Have the floods devastated your business? Here are some mental health strategies that could help at this time

flood-support floods

Source: Unsplash/Jonathan Ford

The psychological stresses of enduring a natural disaster are devastating. Even after the event itself, the stress continues throughout the recovery process and beyond.

The catastrophic flooding that has occurred throughout NSW and Queensland in the previous few weeks has caused unimaginable damage to properties, destroyed homes, created financial burden and is likely to cause considerable emotional hardship. As devastating as floods as can be, coping with floods can also bring together communities, foster camaraderie and goodwill.

Experiencing a flood can be frightening, and the activities of normal life can be disrupted. For most people, feeling temporarily distressed does not interfere with their abilities to cope with the process of recovery. However, it is important not to underestimate the stress and strain of being flooded and cleaning up after floods. Take the time to consider your and your family’s mental health and wellbeing. Do not overdo it when cleaning up, and remember that tiredness, difficulty sleeping and anxiety are normal in these circumstances.

Here are the effects of flooding on mental health.

Emotional effects  

Experiencing a range of emotions, including significant anxiety, fear, anger, frustration, sadness and grief are normal in these situations. It’s a natural response when experiencing traumatic events, such as flooding, to experience difficulty sleeping, a loss of appetite, sad or angry moods and heightened feelings of anxiety.

When it comes to communities, longer term effects of floods can ripple through for years to come, with one of the most devastating experiences that flooding imposes being loss of life. This pain includes the loss of human life, livestock and our pets.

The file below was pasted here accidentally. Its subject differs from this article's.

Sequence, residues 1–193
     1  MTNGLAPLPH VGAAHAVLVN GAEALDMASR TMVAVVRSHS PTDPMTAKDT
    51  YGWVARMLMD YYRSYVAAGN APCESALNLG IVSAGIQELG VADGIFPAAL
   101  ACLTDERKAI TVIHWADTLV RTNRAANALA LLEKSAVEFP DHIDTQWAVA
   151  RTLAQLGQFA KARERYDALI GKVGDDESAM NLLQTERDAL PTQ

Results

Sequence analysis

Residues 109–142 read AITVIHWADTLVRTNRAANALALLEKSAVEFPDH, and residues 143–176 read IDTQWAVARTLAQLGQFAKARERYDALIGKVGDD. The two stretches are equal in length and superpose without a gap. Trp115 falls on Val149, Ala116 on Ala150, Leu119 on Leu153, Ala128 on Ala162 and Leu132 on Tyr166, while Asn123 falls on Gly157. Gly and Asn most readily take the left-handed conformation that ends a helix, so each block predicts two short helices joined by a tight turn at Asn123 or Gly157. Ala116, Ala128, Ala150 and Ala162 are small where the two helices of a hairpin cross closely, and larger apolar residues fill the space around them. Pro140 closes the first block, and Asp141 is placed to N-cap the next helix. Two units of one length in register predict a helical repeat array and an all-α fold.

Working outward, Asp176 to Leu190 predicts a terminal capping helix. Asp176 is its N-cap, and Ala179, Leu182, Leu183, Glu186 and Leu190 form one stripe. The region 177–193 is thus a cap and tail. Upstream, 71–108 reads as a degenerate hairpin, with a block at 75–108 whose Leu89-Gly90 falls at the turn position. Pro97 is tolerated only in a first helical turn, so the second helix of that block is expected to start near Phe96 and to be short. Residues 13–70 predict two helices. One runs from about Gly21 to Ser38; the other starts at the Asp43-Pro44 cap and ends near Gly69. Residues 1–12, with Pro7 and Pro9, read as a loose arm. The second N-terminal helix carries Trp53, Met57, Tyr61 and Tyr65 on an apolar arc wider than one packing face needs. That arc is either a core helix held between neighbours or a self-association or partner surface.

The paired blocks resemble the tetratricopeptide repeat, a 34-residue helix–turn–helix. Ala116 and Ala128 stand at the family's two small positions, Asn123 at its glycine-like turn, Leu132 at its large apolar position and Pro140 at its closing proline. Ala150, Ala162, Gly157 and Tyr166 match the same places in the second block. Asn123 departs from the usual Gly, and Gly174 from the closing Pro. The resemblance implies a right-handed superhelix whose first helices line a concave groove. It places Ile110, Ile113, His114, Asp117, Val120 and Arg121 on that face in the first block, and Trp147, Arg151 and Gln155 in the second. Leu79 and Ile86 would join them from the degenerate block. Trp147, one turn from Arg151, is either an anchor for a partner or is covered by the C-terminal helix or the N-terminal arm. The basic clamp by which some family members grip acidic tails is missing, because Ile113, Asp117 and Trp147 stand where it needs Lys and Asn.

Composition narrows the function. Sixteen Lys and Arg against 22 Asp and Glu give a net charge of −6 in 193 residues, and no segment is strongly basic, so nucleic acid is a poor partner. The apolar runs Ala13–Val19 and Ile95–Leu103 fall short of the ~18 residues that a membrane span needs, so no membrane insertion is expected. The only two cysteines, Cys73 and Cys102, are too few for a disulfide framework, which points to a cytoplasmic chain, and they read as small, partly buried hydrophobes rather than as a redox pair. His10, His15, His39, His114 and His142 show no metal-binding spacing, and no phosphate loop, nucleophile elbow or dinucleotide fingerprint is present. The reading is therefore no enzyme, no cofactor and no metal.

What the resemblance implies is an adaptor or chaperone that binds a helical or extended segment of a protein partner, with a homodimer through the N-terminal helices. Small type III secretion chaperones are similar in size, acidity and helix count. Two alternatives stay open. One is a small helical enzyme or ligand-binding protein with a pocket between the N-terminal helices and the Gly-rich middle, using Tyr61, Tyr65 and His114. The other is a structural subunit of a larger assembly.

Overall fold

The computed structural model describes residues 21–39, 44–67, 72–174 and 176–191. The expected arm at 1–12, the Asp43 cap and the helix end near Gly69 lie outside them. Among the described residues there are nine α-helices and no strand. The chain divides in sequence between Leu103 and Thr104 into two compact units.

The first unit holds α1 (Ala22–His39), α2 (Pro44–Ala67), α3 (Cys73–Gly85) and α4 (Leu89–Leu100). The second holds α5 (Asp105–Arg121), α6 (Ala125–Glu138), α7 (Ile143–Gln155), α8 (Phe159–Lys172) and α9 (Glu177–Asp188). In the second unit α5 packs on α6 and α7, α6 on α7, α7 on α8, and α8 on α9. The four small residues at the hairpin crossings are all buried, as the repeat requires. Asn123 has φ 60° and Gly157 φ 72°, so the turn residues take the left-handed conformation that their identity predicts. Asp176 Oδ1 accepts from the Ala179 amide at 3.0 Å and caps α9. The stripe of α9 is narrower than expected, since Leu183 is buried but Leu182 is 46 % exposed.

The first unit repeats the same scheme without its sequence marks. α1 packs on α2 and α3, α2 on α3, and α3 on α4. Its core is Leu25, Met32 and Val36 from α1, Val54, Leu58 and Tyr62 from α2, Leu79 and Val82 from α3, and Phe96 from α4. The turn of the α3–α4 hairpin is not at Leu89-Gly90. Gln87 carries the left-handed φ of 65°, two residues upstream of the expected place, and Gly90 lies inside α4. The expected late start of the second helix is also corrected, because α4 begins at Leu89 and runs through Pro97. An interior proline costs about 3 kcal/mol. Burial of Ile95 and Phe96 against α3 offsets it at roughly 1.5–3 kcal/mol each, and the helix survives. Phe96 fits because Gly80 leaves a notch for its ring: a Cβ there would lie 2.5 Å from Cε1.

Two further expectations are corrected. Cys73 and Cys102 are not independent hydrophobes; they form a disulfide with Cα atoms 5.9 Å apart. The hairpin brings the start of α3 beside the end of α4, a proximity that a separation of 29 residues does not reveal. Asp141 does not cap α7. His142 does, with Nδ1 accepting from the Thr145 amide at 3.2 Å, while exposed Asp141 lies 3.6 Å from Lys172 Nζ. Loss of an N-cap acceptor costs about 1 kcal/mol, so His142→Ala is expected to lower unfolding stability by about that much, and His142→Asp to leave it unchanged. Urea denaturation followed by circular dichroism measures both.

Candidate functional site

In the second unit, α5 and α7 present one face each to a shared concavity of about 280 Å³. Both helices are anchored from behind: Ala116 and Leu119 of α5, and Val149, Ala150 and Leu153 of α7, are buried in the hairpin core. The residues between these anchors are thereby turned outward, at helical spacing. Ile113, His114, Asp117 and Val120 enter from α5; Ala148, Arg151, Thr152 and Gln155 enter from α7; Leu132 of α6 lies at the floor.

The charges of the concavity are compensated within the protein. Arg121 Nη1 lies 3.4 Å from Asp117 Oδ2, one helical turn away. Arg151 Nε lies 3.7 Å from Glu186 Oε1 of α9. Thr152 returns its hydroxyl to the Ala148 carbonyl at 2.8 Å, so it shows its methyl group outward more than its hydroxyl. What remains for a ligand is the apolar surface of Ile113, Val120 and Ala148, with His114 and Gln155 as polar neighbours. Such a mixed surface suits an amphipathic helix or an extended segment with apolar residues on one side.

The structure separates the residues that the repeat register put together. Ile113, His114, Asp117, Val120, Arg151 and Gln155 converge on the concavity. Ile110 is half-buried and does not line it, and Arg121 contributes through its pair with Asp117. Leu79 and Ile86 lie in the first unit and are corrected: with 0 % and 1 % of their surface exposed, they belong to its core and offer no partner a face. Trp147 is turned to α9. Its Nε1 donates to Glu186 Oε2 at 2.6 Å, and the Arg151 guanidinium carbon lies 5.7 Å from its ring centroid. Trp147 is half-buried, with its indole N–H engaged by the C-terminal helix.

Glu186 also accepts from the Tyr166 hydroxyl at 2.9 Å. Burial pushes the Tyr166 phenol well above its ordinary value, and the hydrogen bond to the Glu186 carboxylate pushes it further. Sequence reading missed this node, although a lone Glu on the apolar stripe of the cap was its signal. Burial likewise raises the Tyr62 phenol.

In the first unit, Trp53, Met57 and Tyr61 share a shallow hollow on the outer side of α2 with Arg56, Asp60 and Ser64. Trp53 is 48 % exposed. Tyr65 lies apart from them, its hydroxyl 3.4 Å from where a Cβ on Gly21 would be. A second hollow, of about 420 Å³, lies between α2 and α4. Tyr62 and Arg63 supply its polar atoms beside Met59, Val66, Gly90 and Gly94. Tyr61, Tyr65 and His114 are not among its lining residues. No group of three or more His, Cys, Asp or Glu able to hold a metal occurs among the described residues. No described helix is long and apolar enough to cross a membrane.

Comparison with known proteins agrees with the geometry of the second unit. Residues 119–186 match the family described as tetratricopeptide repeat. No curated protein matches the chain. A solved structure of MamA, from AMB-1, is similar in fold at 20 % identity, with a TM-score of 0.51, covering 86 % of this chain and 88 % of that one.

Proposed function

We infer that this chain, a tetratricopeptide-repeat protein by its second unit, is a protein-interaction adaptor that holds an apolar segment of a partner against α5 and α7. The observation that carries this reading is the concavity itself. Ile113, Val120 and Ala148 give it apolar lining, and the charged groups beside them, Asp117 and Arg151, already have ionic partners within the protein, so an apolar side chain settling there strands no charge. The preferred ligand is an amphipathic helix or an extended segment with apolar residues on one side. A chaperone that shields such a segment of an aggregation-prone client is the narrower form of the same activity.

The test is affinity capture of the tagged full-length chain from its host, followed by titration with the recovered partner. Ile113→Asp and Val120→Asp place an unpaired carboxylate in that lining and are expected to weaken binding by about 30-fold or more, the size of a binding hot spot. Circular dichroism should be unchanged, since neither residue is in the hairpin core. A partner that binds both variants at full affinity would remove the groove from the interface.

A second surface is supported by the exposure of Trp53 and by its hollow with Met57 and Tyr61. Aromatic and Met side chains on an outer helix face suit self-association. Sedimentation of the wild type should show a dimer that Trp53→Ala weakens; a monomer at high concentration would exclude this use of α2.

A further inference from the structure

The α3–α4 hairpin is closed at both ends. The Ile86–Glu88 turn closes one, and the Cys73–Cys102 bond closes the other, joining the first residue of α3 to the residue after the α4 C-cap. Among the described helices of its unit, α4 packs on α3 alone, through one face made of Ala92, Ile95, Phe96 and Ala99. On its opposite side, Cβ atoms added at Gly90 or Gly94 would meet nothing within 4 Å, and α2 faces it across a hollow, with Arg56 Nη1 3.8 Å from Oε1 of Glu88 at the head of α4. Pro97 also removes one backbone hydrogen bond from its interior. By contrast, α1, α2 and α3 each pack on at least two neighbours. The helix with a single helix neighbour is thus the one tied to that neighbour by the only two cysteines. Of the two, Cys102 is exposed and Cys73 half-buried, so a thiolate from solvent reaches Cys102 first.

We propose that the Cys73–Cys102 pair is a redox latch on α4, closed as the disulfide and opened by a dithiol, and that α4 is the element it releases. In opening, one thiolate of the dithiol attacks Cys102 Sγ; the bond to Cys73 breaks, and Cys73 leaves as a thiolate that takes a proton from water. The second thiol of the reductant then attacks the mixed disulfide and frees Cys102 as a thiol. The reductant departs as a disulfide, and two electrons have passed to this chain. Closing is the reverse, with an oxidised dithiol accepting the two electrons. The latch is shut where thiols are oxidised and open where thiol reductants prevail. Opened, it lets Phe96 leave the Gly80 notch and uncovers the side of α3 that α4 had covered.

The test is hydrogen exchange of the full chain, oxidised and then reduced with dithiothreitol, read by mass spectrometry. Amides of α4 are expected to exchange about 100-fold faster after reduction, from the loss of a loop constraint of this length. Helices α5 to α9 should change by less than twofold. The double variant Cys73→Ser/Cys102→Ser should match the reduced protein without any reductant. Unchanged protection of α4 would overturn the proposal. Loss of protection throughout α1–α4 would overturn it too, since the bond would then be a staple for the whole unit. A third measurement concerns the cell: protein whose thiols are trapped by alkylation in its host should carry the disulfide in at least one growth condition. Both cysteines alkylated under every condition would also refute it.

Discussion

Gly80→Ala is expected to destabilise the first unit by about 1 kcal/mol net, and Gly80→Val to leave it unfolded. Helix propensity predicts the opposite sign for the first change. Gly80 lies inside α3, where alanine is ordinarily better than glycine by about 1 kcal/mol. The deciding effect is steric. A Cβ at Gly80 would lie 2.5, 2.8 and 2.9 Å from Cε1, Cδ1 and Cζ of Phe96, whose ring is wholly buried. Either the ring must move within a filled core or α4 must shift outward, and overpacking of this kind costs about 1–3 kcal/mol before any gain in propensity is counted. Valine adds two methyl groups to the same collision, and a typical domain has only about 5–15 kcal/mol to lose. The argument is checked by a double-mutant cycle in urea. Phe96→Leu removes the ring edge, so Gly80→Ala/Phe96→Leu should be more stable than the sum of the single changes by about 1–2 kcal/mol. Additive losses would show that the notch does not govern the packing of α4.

We can support each other by ensuring our family, friends and neighbours basic needs are met and also be aware of warning signs that someone may be struggling to cope.

A way forward  

There is no one simple strategy that will make things better right away. But there are things that can help you, your family and your community heal over time.

  • Follow a normal routine as much as possible;

  • Nourish your body with healthy meals (a healthy body can have a positive impact on your  thoughts and emotions, enabling you to make better decisions and better navigate the  recovery phase);

  • Engage in a form of exercise you enjoy — stay active;

  • Accept help from family, friends, co-workers or other community groups. Talk about your  feelings with them;

  • Limit your time around the sights and sounds of what happened if you can; and

  • Don’t dwell on media reports of the crisis.

Warning signs of stress are abnormal short term reactions to normal and unexpected challenges. However, it is important to recognise when we experience emotional distress that is persistent and difficult to manage. To help manage during these difficult times, it can also help to:

  • Make connections. Reach out and connect with close family members and friends. These relationships can be a source of strength. Coming together and helping one another can be positive for your emotional health;

  • Help children by restricting constant viewing of the news, giving them assurances that plans are in place to keep them safe and maintaining their routines as much as possible;

  • Maintain a hopeful outlook. Take a moment to recall times when you’ve successfully  managed challenging life circumstances. Draw upon those skills and experiences to help you  through current challenges; and

  • Seek additional help. For anyone who is feeling overwhelming anxiety, fear or anger for two weeks or more, with no improvement, I encourage you to seek additional support. Your local GPs are a wonderful starting point and can help link you with mental health professionals to find constructive ways to manage adversity and deal with extreme stress.

Perseverance and trust in our abilities will get us through the challenging days ahead.


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